Electronic Travel Authorization (ETA) is an online registration process that allows a national to enter a country to which he or she is exempt from a visa. For instance, French nationals are exempt from getting a visa to the USA; however, they must receive authorization to travel from the U.S.A.’s electronic travel authorization program before they can do so. The purpose of the ETA program is to prescreen travelers prior to their entry, since the traveler may be someone the country has an interest in excluding, even if he or she is visa exempt.
The ETA process is sometimes confused with the Evisa process. Evisa processes are used by those who need a visa for entry, and can apply for the visa electronically. The Evisa serves as both the ETA and the visa application process because it screens the applicant’s travel intent, and serves as a requirement check for visas. Typically, the online visa application is more extensive, requiring more background information from the applicant, a passport photo, heftier filing fees, as well as purpose and destination information. With this distinction, below are the ETA programs currently in operation in the world.
Argentina has an ETA program called Autorizacion de Viaje Electronica (AVE) in Spanish. It is reserved for certain nationalities already in possession of a U.S.A. tourist visa (B-2) or a valid Schengen visa for Europe. Those already in possession of these visas may register their visit instead of undergoing the full visa application procedure. Nationals from the following countries can take advantage of this ETA when traveling to Argentina: Albania, Angola, Antigua and Barbuda, the Bahamas, Bahrain, Belize, Bosnia and Herzegovina, Botswana, Burkina Faso, Burundi, Bhutan, Cape Verde, Cambodia, Central African Republic, China, Cuba, Democratic Republic of the Congo, Djibouti, Dominica, Dominican Republic, Eritrea, Ethiopia, Gabon, Gambia, Ghana, Guinea, Guinea-Bissau, India, Ivory Coast, Kenya, Kiribati, Lesotho, Madagascar, Malawi, Maldives, Marshall Islands, Mauricio, Moldova, Mozambique, Myanmar, Nambia, Nauru, Nepal, Niger, Oman, Palau, Papua New Guinea, Republic of Congo, Rwanda, Samoa, Sao Tome and Principe, Senegal, Seychelles, Sierra Leon, Solomon Islands, Swaziland, Tanzania, Togo, Tonga, Tuvalu, Uganda, Vanuatu, Vietnam, Zambia, Zimbabwe. Nationals of these countries may apply for ETA for entry for a period of up to 90 days here: http://www.migraciones.gov.ar/ave/index.htm.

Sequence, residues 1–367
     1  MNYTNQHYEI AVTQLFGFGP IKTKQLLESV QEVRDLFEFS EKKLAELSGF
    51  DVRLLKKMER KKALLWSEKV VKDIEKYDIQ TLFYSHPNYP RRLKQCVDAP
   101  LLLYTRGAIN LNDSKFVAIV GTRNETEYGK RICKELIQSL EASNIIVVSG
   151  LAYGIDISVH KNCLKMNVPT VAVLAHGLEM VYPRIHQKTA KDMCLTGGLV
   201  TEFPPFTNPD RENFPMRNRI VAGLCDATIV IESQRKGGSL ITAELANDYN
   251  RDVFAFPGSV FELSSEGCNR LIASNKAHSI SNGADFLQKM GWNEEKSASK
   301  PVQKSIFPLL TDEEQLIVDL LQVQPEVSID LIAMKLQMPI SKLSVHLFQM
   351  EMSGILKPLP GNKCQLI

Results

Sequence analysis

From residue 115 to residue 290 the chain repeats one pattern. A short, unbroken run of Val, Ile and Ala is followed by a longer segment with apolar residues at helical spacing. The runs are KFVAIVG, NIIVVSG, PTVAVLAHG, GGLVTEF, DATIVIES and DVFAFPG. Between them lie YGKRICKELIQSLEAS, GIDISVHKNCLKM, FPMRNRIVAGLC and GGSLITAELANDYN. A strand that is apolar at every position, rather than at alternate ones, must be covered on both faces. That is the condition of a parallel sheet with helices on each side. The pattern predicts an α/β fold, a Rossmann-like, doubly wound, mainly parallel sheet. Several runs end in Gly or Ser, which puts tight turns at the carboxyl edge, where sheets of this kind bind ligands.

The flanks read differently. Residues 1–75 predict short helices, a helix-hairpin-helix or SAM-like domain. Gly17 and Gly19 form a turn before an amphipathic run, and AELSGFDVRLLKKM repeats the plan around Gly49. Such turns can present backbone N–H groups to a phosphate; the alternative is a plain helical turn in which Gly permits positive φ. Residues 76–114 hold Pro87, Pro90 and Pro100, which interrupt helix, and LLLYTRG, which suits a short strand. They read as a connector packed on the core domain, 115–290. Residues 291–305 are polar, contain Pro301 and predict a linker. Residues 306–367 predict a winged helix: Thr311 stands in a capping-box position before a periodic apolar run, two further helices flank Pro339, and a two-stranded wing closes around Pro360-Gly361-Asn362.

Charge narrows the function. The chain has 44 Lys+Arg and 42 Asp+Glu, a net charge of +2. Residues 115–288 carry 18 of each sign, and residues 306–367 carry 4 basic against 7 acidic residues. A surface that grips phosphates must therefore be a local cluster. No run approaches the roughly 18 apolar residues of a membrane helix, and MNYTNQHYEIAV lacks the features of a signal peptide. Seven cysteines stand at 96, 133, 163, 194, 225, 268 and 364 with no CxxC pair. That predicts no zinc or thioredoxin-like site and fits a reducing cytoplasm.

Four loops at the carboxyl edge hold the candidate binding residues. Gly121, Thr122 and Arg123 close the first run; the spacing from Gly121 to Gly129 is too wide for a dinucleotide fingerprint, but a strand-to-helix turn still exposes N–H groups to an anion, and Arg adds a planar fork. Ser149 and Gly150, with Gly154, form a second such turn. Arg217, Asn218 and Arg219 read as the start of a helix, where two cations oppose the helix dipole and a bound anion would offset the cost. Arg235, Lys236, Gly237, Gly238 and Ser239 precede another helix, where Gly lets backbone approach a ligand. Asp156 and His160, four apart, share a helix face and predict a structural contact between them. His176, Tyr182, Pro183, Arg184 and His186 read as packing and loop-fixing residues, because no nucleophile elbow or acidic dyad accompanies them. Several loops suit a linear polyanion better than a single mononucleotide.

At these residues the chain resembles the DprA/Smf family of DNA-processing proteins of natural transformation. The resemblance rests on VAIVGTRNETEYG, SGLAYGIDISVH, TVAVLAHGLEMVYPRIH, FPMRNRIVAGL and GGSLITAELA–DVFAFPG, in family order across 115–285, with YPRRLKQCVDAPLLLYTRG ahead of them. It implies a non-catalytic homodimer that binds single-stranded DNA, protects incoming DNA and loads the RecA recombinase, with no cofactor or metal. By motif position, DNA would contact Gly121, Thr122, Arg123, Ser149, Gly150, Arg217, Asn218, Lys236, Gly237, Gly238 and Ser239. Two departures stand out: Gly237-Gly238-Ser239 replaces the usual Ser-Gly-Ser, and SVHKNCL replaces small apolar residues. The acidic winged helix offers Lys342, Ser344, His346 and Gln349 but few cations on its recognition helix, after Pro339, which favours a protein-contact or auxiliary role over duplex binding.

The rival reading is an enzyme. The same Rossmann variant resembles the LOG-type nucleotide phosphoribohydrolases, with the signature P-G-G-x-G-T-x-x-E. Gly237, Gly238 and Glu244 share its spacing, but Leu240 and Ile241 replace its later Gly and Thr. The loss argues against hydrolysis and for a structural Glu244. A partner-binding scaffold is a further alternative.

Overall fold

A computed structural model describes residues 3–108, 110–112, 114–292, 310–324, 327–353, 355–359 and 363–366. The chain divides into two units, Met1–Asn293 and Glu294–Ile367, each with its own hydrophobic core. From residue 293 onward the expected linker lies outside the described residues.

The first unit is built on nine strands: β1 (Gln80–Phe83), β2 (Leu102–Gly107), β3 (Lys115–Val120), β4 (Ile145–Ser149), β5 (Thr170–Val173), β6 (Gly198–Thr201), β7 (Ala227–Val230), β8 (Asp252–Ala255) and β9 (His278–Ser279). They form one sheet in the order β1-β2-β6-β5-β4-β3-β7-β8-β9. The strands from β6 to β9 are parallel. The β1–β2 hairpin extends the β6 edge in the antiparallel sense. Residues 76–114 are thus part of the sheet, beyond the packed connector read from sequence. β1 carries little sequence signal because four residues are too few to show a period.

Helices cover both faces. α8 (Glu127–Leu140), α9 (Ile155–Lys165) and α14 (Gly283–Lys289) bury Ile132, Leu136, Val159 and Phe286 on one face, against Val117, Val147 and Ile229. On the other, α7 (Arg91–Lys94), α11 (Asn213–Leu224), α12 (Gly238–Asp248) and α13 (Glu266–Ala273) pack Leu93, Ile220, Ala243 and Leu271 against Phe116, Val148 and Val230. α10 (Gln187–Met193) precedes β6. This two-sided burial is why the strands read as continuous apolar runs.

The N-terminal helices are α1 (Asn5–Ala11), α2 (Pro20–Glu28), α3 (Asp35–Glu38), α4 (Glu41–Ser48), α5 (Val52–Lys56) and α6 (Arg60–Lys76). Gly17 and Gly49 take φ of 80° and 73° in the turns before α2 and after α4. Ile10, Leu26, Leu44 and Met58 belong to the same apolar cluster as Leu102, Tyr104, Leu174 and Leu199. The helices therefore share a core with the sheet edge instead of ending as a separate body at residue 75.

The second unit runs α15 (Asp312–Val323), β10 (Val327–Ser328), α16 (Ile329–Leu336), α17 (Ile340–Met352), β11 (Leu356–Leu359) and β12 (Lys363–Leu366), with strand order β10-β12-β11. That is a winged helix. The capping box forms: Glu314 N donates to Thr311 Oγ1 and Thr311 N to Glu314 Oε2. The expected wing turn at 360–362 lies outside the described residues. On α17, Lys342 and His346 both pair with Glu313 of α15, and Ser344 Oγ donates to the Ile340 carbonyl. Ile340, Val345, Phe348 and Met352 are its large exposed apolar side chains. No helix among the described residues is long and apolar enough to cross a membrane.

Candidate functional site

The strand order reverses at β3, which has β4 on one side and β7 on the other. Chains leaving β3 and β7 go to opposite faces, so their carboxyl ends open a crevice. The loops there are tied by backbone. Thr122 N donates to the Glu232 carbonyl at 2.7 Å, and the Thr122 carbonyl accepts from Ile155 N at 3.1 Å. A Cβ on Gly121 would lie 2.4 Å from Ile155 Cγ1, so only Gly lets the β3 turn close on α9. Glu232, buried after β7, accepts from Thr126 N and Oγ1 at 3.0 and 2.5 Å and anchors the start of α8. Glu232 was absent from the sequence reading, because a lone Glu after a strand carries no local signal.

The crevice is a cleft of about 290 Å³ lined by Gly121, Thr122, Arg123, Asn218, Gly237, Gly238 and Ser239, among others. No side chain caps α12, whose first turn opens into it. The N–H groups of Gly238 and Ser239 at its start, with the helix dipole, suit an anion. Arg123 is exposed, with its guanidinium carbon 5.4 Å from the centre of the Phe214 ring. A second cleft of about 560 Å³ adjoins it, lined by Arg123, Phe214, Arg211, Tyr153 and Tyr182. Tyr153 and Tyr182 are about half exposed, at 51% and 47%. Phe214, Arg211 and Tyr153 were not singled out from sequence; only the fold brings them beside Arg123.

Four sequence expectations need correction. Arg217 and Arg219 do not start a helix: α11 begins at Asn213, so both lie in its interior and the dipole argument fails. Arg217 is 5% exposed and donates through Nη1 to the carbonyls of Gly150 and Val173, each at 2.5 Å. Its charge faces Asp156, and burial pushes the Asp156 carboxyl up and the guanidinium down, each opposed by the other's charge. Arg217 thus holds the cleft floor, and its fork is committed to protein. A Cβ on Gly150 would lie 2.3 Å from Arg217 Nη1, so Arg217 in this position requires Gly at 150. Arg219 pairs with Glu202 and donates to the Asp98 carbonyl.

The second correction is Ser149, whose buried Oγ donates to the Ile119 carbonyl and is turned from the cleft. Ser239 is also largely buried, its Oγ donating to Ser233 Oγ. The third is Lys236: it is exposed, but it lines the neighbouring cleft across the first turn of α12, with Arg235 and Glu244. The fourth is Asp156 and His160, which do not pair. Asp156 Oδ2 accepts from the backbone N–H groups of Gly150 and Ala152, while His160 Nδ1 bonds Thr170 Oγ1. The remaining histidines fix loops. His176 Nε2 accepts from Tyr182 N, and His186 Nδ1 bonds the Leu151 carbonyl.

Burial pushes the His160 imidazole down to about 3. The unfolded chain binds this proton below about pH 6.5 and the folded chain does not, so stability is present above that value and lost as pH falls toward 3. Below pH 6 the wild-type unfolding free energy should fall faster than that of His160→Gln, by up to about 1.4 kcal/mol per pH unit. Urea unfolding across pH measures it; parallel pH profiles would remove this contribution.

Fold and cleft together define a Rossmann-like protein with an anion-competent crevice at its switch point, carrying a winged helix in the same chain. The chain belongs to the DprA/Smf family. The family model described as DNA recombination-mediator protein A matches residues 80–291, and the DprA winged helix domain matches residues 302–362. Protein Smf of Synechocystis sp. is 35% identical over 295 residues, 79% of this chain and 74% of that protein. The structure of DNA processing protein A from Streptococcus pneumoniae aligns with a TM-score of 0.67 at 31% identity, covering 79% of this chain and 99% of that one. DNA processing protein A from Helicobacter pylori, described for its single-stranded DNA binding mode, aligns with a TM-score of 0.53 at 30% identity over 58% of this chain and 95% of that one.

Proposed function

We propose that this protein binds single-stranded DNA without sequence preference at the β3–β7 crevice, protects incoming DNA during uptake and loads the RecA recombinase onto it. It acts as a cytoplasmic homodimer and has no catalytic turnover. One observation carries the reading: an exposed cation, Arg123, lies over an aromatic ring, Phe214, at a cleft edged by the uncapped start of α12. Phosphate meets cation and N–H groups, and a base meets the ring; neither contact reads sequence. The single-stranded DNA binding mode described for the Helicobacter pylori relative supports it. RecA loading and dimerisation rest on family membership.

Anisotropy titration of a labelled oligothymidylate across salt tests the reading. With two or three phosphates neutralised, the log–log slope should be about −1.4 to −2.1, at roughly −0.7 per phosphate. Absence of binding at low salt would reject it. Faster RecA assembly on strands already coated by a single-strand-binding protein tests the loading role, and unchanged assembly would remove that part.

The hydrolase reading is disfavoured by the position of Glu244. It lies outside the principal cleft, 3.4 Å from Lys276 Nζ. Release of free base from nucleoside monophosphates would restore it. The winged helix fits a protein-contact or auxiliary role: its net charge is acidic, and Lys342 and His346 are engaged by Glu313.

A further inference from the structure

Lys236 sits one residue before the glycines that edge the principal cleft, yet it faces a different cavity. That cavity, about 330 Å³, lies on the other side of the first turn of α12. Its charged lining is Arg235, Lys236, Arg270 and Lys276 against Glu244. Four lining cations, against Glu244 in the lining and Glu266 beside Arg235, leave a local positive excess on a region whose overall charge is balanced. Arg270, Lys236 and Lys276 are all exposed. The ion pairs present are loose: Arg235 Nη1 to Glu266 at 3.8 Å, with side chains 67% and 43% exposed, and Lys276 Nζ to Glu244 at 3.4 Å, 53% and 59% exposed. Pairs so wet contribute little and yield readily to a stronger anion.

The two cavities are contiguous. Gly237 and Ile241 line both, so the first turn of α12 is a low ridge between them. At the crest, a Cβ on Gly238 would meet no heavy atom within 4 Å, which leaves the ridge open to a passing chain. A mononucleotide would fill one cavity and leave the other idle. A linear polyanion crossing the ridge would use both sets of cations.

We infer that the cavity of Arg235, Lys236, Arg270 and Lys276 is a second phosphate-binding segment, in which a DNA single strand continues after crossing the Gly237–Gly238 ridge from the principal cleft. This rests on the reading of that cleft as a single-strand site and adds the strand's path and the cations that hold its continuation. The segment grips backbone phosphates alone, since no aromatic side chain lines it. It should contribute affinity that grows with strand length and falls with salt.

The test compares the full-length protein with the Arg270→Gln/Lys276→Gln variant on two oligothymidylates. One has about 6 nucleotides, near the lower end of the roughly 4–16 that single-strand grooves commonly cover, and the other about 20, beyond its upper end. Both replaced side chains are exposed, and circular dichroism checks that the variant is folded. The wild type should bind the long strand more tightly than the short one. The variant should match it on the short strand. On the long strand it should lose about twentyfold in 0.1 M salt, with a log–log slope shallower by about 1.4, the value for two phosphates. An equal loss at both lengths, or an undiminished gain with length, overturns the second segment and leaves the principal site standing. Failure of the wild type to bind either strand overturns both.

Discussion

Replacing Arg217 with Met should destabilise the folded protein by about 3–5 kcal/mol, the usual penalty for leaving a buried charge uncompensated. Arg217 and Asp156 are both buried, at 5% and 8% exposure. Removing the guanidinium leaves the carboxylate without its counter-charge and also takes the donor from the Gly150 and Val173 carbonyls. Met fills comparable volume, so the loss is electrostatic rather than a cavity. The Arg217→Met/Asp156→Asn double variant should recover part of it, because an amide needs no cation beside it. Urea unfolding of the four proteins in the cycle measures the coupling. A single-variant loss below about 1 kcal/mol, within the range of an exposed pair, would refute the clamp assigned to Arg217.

Australia has an ETA program for which certain visa exempt nationals may apply online, through the airlines, or travel agencies. ETA eligible passports include: Andorra, Austria, Belgium, Brunei, Canada, Denmark, Finland, France, Germany, Greece, Hong Kong, Iceland, Ireland, Italy, Japan, Liechtenstein, Luxembourg, Malaysia, Malta, Monaco, Netherlands, Norway, Portugal, San Marino, Singapore, South Korea, Spain, Sweden, Switzerland, Taiwan, UK, UK overseas, United States, and Vatican City. However, the online application is only available to those from Brunei, Canada, Hong Kong, Japan, Malaysia, Singapore, South Korea and the U.S.A. These nationals may apply for an ETA in advance of their travels here: https://www.eta.homeaffairs.gov.au/ETAS3/etas. Those who cannot personally apply for their ETA online may do so through their airline or travel agency.